• 34% of the respondents came to know about the products through print.
• 5% of the respondents came to know about the products through sales executives.
• 9% of the respondents came to know about the products through friends and
existing users.

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Table: 6

Q. Which of the following products are you using?

Products No. of Respondents Percentage


RIM Post Paid 13 13%
FWP 41 41%
Broadband 20 20%
HSDC 26 26%
Total 100 100%

RIM Post Paid


HSDC
13%
26% RIM Post Paid
FWP
Broadband
FWP
Broadband HSDC
41%
20%

Figure 6 : No. of respondents using the products

INTERPRETATION:

• 13% of the respondents were using RIM Post Paid.


• 41% of the respondents were using FWP.
• 20% of the respondents were using Broadband.
• 26% of the respondents were using HSDC.

Table: 7
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Q. Are you satisfied with the service provided by the company?

Level No. of Respondents Percentage


Fully Satisfied 38 38%
Partially Satisfied 51 51%
Not Satisfied 11 11%
Total 100 100%

Not Satisfied
11% Fully Satisfied
38% Fully Satisfied
Partially Satisfied

Partially Not Satisfied


Satisfied
51%

Figure 7 : Satisfaction level of the respondents

INTERPRETATION:

• 38% of the respondents were fully satisfied with the services.


• 51% of the respondents were partially satisfied with the services.
• 11% of the respondents were not satisfied with the services.

Table: 8

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4
Q. What are the major reasons for dissatisfaction?

Reasons No. of Respondents Percentage


Poor quality of
signals/network 15 15%
Poor voice quality 4
Higher cost 27 27%
Slow speed 13 13%
Billing errors 19 19%
Poor customer care service 22 22%
Total 100 100%

Poor quality of Poor quality of


signals/network signals/network
Poor customer 15% Poor voice quality
care service
Poor voice
22% Higher cost
quality
4%
Billing errors Slow speed
Higher cost
19%
27%
Slow speed Billing errors
13%
Poor customer care
service

Figure 8 : Major reasons for dissatisfaction

INTERPRETATION:

• 15% of the respondents were dissatisfied by poor signals/network.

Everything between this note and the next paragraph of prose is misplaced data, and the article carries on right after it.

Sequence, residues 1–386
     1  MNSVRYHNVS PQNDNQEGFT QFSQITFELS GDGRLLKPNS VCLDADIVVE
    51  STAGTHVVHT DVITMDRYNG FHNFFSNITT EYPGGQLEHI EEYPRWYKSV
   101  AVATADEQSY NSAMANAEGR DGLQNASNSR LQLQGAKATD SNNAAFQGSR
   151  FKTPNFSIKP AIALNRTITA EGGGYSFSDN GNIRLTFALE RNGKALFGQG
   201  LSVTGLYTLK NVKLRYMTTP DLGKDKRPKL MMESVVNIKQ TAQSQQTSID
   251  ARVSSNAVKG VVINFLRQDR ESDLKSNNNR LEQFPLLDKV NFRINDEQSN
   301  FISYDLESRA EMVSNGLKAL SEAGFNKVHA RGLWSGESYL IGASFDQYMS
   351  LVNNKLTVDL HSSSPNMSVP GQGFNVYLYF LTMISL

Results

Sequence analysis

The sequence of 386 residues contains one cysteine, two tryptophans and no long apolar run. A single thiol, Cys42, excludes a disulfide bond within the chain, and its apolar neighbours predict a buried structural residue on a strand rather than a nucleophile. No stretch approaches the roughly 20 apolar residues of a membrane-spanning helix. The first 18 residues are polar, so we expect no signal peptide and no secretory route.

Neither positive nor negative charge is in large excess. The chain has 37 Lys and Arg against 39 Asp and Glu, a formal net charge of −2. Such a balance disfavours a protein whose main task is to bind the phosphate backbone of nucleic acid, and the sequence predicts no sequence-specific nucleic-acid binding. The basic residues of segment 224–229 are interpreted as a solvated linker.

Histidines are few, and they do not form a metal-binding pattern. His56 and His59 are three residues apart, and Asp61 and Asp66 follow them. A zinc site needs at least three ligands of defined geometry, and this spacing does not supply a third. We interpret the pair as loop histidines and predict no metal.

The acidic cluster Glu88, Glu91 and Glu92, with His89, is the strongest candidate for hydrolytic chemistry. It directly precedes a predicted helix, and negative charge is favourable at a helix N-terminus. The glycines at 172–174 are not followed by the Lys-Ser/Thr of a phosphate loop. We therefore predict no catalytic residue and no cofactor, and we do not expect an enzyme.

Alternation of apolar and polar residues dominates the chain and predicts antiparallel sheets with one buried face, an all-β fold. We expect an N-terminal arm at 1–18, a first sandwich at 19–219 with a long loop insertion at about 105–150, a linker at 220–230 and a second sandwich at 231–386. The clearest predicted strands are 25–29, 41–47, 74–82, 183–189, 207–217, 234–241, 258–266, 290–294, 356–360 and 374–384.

• 4% of the respondents were dissatisfied by poor voice quality.
• 27% of the respondents were dissatisfied by higher cost of services.
• 13% of the respondents were dissatisfied by slow speed.
• 19% of the respondents were dissatisfied by the billing errors.
• 22% of the respondents were dissatisfied by poor customer care service.

Table: 9

Q. Which of the following products does a sales executive tells you about when he

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5
visits you?

Products No. of Respondents Percentage


RIM Post Paid 73 73%
FWP 59 59%
Broadband 41 41%
HSDC 46 46%
Total 100 100%

RIM Post Paid,


80
73
70
FWP, 59
60

50 HSDC, 46
Broadband, 41
40 Series1

30

20

10

0
RIM Post Paid FWP Broadband HSDC

Figure 9 : Products told by sales executives to the respondents

INTERPRETATION:

• 73% of the respondents were told about the RIM Post Paid by the visiting sales
executives.
• 59% of the respondents were told about the FWP by the visiting sales executives.
• 41% of the respondents were told about the broadband by the visiting sales
executives.
• 46% of the respondents were told about the HSDC by the visiting sales
executives.

Table: 10

Q. What channel would you prefer to buy a telecom/internet service?

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6
Channel No. of respondents Percentage
Home delivery 18 18%
Customer care 57 55%
Online 9 9%
Franchisee & utility shops 16 13%
Total 100 100%

Franchisee &
Utility shops
16% Home delivery
18% Home delivery
Online
9% Customer care
Online
Customer care Franchisee & utility shops